Sunday, 22 January 2012

Downton Abbey, the highly rated and addictive British melodrama on PBS, also is having an impact on readers – or at least publishers and booksellers are hoping it will.

toddcharles_alonelydeathViewers’ fascination with Downton Abbey’s aristocratic family and its servants set against the backdrop of World War I has encouraged publishers to bring out books and novels set during the Edwardian and WWI eras that capture life on British estates, from the high society families to the toils of the maids and other servants.

According to a story in the New York Times, publishers are jumping on this bandwagon as fast as they can.

I am not surprised that those who watch Downton Abbey also would want to read about the era. After all, PBS viewers are highly educated and literate. (Downton Abbey airs Sundays at 9 pm on PBS and continues through Feb.19; check your local listings.)

But publishers—and viewers—are slow to understand just how interesting the pre- and post WWI era was in England.

Mystery writers have long been mining this era for fascinating novels.

World War I, or the Great War as it was often called, began on July 28, 1914, and lasted until Nov. 11, 1918, and involved all the world's great powers. It was the first war in which technology entered into the fighting and old-fashioned military tactics no longer worked. It was the first war to use telephones, wireless communications, armored cars, tanks, and aircraft.

World War I also had an immense impact on culture, especially in Britain. It was the beginning of the end of the class system; women had more rights and freedom thanks to the telephone and automobiles. And more women had to support themselves and their families because of the huge loss of young men during the war.

Publishers don’t have to turn to new authors for readers to learn about the war’s devastation and social upheaval. Instead, here are a few authors who have excellent new novels and backlists:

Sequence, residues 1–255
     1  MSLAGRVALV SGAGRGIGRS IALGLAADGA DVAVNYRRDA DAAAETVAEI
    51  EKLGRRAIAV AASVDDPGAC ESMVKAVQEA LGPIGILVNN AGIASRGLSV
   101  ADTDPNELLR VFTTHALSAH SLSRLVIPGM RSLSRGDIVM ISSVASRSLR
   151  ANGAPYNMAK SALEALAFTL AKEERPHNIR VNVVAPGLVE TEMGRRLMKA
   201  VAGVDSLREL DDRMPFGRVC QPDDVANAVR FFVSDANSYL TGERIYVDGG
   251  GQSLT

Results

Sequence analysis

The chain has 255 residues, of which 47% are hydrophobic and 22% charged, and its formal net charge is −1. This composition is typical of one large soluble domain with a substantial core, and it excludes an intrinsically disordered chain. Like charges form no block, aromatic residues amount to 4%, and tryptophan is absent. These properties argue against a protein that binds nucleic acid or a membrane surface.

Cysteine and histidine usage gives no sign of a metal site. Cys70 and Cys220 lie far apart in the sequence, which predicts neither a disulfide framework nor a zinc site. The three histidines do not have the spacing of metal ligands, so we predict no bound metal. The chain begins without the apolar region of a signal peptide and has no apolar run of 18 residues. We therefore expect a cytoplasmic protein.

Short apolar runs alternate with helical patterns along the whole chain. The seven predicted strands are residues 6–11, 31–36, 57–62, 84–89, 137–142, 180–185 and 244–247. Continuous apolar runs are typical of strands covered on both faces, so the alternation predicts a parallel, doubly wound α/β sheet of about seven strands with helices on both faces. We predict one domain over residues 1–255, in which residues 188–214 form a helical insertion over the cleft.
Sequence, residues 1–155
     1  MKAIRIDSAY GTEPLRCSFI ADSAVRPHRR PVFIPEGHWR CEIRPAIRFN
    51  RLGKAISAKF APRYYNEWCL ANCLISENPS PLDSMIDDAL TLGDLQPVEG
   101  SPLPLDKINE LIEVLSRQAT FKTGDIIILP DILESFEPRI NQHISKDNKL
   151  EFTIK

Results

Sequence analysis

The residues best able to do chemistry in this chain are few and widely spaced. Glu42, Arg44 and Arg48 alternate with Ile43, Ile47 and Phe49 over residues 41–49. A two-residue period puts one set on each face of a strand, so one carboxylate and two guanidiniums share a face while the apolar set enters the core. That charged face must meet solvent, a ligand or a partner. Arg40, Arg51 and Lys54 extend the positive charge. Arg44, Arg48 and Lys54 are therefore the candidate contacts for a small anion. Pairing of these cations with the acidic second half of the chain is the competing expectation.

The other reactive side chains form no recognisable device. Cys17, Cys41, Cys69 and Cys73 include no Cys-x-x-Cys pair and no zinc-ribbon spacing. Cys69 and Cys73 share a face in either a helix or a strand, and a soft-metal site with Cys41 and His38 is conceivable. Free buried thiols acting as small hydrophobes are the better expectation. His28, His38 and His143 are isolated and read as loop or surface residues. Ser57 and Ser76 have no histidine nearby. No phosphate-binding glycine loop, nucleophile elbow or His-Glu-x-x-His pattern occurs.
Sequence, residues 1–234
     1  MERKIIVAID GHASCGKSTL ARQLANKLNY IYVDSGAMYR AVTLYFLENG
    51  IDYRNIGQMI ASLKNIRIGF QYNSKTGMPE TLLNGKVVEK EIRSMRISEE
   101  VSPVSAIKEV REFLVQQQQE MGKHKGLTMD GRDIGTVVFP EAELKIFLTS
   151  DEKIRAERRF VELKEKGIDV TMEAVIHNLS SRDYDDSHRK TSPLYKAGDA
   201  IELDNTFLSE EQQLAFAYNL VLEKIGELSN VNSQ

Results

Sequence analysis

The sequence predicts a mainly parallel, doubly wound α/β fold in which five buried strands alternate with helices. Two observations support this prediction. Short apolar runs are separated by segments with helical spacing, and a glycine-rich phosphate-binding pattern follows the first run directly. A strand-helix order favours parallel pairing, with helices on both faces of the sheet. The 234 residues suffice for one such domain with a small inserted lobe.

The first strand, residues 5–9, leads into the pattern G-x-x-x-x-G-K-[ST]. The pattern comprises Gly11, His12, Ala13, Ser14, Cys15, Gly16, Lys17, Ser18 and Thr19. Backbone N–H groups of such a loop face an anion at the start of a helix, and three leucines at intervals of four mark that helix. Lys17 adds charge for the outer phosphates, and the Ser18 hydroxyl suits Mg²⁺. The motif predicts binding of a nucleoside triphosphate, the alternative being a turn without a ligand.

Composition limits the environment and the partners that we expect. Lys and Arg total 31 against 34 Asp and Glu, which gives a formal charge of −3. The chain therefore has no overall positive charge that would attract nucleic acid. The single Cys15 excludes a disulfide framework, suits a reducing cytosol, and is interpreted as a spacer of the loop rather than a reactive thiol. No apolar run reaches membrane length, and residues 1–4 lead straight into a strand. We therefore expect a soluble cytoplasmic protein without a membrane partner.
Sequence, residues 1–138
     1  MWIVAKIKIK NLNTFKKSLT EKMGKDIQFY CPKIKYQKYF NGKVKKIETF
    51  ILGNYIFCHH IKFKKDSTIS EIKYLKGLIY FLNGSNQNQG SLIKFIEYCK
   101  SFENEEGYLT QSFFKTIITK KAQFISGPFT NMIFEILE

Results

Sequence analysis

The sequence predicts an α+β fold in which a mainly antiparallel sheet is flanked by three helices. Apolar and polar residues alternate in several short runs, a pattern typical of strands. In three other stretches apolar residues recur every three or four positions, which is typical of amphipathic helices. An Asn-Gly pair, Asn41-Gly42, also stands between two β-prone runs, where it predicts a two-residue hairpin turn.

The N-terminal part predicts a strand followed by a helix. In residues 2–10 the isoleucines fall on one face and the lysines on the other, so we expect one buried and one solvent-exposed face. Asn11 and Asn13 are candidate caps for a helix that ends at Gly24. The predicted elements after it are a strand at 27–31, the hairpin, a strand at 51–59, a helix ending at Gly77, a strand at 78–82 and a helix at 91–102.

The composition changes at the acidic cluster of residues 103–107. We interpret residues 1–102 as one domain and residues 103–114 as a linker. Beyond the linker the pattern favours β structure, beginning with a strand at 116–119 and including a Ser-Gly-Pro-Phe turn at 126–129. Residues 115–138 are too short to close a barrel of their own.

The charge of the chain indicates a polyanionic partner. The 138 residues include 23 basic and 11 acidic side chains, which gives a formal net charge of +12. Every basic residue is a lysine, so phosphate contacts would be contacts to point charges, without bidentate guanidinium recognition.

CHARLES TODD:

The mother and son writing team have two series that explore WWI.

todd_impartialwitnessThe longest running is about Ian Rutledge, a Scotland Yard detective still fighting the effects of being shell shocked. Ian can barely function but forces himself to do his job and fight for justice. He is still haunted by the battles and what he had to during the heat of war so his job is a way of returning to humanity and his atonement for his sins.

Ian also represents the shift in the classes from the male point of view. He comes from a different background than most of the policemen of his day. Ian was from a middle class family – his father was a solicitor (lawyer to us Americans), his mother an accomplished pianist and Ian was university educated. The reader can feel Ian’s pain—the war left him a shell of a man, lonely, almost incapable of having a relationship with a woman or forming friendships with men.


Todd’s 13th novel in this series A Lonely Death came out this month.

The Bess Crawford series gives Todd an opportunity to show England in the midst of the war. Bess is from an upper middle class family but she grew up in India where her officer father was stationed. At the outbreak of the war, she follows his footsteps and volunteers for the nursing corps where she serves on the battlefields of France.

Todd shows in great detail the war in this series. In the first novel, A Duty to the Dead, Bess escapes from the doomed hospital ship Britannic as it is sinking.

An Impartial Witness is the third Bess Crawford novel.

JACQUELINE WINSPEAR:

winspearjac_elegyforeddiexHer Maisie Dobbs novels show the challenges and opportunities that women struggled with in post- World War I. Maisie is a psychologist and investigator who began working at the age of 13 as a servant. Her employer supported her education, which was cut short when WWI broke out. At age 18, Maisie enlisted for nursing service overseas and was sent to France where she served close to the front lines.

Maisie represents the blurring of the class lines – the daughter of a servant who would have become a servant herself if her education had not been encouraged—and the merging independence of women.